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Childhood, Biography & Facts of Edgar Bergen

Name: Edgar Bergen

AKA: Edgar John Berggren

Born: 16-Feb-1903

Birthplace: Chicago, IL

Gender: Male

Race: White

Sexual Orientation: Straight

Occupation: Actor, Radio Personality

Party Affiliation:

Nationality: United States

Description: Radio’s greatest ventriloquist

Who is Edgar Bergen?

About : Edgar Bergen


Childhood, Biography & Facts of Edgar Bergen

Edgar John Bergen (born Edgar John Berggren, February 16, 1903 – September 30, 1978) was an American actor, comedian and radio performer, best known for his proficiency in ventriloquism and his characters Charlie McCarthy and Mortimer Snerd. He was also the father of actress Candice Bergen.

Edgar Bergen Early life

Bergen and Charlie when they were vaudeville performers in 1926
Bergen was born in Chicago, Illinois, one of five children and the youngest of two sons of Swedish immigrants Nilla Svensdotter (née Osberg) and Johan Henriksson Berggren.

He lived on a farm near Decatur, Michigan until he was 4 when his family returned to Sweden where he learned the language. He taught himself ventriloquism from a pamphlet called “The Wizard’s Manual” when he was 11 after his family returned to Chicago.

He attended Lake View High School. After his father died when he was just 16, he went out to work as an apprentice accountant, a furnace stoke, a player piano operator, and a projectionist in a silent-movie house. The famous ventriloquist Harry Lester was so impressed by Edgar that he gave the teenager almost daily lessons for three months in the fundamentals of ventriloquism.

In the fall of 1919, Edgar paid Chicago woodcarver Theodore Mack $36 to sculpt a likeness of a rascally red-headed Irish newspaperboy he knew. The head went on a dummy named Charlie McCarthy, which became Bergen’s lifelong sidekick.

He had created the body himself, using a nine-inch length of broomstick for the backbone, and rubber bands and cords to control the lower jaw mechanism of the mouth.

You can also read : Childhood, Biography & Facts of Edgar Rice Burroughs


For college he attended Northwestern University where he was enrolled in the pre-med program to please his mother. He switched to Speech & Drama but never completed his degree.

He gave his first public performance at Waveland Avenue Congregational Church located on the northeast corner of Waveland and Janssen. He lived across the street from the church.

In 1965, he gave the church a generous contribution, a thoughtful letter, and a photograph of himself which had been requested by the minister and was displayed in the church’s assembly room which was dedicated to Bergen. He cut out an “R” and a “G” from his family name and went from Berggren to Bergen on the showbills.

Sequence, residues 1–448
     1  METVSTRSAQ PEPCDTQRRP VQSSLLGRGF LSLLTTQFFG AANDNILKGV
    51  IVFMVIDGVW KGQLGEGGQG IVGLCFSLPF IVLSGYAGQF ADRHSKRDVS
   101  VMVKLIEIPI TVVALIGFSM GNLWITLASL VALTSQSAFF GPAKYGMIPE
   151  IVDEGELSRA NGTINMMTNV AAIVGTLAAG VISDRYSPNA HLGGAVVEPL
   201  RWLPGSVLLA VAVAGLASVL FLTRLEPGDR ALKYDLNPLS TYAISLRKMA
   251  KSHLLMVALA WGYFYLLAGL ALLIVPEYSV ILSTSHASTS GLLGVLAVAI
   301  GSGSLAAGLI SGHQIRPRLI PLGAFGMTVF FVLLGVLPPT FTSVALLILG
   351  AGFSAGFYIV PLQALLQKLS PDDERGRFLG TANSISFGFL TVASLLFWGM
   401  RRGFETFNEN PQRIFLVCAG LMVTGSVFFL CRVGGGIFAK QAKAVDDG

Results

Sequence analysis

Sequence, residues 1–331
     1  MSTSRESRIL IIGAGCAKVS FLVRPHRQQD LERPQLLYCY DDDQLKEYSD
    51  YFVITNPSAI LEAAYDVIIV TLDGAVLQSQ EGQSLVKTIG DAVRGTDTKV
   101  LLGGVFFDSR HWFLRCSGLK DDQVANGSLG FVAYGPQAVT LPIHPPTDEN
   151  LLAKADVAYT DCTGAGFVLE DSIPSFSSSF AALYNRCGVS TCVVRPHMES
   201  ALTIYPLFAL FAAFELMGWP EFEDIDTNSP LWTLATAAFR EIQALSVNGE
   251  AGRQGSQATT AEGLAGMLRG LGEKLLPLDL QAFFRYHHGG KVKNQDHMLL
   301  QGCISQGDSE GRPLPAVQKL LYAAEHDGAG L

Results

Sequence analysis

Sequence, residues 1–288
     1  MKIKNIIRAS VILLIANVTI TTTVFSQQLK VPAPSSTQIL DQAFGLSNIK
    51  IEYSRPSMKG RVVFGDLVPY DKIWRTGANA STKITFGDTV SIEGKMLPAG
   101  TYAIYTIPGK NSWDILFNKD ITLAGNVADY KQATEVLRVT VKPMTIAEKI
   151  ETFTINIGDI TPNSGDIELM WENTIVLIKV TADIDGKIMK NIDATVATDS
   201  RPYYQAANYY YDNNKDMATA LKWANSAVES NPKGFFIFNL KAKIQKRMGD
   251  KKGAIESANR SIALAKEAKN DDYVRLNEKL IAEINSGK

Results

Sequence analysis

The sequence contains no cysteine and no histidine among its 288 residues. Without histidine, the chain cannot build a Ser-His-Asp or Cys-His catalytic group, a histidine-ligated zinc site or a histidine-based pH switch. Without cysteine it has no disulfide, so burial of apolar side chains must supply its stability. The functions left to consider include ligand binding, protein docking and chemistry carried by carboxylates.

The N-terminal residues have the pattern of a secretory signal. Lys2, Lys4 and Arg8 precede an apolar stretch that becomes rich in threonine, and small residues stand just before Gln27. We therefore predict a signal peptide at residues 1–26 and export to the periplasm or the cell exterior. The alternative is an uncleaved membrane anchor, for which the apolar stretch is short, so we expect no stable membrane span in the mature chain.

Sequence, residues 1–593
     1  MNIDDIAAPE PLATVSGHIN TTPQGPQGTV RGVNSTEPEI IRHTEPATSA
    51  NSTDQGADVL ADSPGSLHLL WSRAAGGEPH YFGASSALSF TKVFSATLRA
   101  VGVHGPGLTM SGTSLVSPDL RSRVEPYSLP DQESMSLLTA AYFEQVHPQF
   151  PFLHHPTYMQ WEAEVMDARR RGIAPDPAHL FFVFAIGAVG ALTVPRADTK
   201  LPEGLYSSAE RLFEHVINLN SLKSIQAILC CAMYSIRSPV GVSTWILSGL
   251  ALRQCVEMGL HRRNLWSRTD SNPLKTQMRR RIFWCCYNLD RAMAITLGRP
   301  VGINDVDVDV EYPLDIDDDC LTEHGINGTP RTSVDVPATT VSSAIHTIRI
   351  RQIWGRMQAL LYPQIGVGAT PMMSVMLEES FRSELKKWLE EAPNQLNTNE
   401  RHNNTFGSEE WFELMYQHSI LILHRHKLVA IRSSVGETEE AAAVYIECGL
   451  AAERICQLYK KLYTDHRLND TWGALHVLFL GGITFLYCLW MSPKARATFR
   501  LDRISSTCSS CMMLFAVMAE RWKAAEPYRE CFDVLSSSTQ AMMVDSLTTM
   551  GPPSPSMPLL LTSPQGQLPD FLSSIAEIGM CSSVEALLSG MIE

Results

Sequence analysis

Between June 1922 and August 1925, he performed every summer on the professional Chautauqua circuit and at the Lyceum theater in Chicago. Bergen had an interest in aviation, becoming a private pilot.

Edgar Bergen –Death

In mid-September 1978 he announced that he was retiring after over 50 years in show business and sending his monocled, top-hatted partner, Charlie McCarthy, to the National Museum of American History at the Smithsonian Institution in Washington, D.C..

He opened at Caesar’s Palace Hotel Las Vegas on September 27, for a two-week “Farewell to show business” engagement. He died three days later on September 30, 1978.

Bergen was interred with his parents (who are buried under their true surname of “Berggren”), in Inglewood Park Cemetery, Inglewood, California. Edgar Bergen’s wife of 33 years, Frances Westerman Bergen, died at Cedars-Sinai Medical Center in Los Angeles, on October 2, 2006, aged 84,

from undisclosed causes. She is also buried in Inglewood Cemetery. In 1990, Bergen was elected to the Radio Hall of Fame, the same year that The Charlie McCarthy Show was selected as an honored program.

A message in the closing credits dedicates The Muppet Movie (which featured Edgar and Charlie in their last screen appearance) to the memory and magic of Edgar. In 1991, the United States Postal Service honored him with a 29-cent commemorative stamp.


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